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Guess What Will Happen: Battery Desulfation Experiment

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TheRuler8510:
Guess What Will Happen: Battery Desulfation Experiment

I bought a 12V, 12 AH size, lead-acid battery from Radio Shack during their liquidation sale (75% discount) , and it turns out to be completely dead, showing 0.002V and will not take a charge at all. Dummy me for not checking it first.

Since I can't return it, I plan to run an experiment that I always wanted to try. I will put a desulphator on it for day, weeks even months, to see what happens. It is running now. I hooked in parallel another 12V battery of similar size, that it needs to run. It is pulsing 110V pulses at 1 KHz.

So, your challenge is to guess what will happen, will this battery ever regain any life at all? Or is it a total loss and waste of time?

Enter your guess or opinion, and I will report back periodically as to progress.
  :-/O

Regards,

NiHaoMike:
Use a standard light dimmer and 1uF or so mains rated cap in series to a bridge rectifier. Set the dimmer about halfway and it will nicely generate the fast spikes that are needed to desulfate a battery.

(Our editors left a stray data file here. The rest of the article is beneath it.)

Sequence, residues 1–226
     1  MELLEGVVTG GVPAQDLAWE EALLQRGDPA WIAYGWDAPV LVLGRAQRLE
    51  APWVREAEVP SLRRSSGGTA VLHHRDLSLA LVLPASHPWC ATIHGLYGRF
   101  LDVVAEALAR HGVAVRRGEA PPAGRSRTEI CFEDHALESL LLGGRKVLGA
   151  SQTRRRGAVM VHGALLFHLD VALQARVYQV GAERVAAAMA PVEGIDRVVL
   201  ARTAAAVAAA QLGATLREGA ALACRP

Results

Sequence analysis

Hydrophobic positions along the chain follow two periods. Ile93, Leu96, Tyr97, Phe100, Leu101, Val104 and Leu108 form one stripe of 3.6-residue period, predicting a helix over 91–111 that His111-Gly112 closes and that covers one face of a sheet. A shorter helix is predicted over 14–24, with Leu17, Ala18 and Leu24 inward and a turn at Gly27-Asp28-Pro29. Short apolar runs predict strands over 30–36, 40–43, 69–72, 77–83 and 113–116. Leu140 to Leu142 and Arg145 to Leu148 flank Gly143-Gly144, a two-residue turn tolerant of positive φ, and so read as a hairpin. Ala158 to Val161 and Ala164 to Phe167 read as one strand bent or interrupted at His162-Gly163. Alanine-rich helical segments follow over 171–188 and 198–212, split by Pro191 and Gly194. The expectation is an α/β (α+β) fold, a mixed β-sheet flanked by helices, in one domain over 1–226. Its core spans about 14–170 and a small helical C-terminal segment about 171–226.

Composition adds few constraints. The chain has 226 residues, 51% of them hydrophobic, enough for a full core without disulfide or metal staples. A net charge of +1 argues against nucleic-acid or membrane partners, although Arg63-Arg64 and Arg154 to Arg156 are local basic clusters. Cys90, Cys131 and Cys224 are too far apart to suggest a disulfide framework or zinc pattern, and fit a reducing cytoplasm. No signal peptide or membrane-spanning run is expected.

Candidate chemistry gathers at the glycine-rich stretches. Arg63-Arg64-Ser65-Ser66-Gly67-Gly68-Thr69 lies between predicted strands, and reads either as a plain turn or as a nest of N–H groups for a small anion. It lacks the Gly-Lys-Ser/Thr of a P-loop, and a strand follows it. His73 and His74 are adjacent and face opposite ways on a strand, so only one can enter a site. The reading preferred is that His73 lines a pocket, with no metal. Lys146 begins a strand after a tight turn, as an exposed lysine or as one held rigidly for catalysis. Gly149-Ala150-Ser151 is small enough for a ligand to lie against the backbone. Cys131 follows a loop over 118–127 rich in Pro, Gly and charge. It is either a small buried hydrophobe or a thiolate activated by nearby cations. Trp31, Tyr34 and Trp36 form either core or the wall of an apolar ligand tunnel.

Seekonk:
I give it some hope because it was never used (are you sure of that?) but not much.  I have a solar camp and get a lot of batteries from the town recycling.  When those are test below 5 or 6V, they will never recover and I would be happy with 2-3AH.

tautech:
I'd be surprised if you get that battery to recover to a state of usefulness.
It may bounce back for light use, but anything like 12 AH  :--

Played with LA desulfating for ~20 years and yes it is useful.
Units I  :-/O would produce 70V 6A pulses @ 1 KHz.

Neat to see the battery OC voltage rise after a session on the desulfator.  :-+

Good luck but I don't like your chances.

SeanB:
Sealed batteries need water added, and i had some moderate success with popping the top plate off and adding water ( around 15ml per cell) then gluing the top back down. Charge overnight with a current limited 24V supply and see the next morning if it recovered somewhat. About 1 in 10 got good capacity back, but the cheap ones never did.

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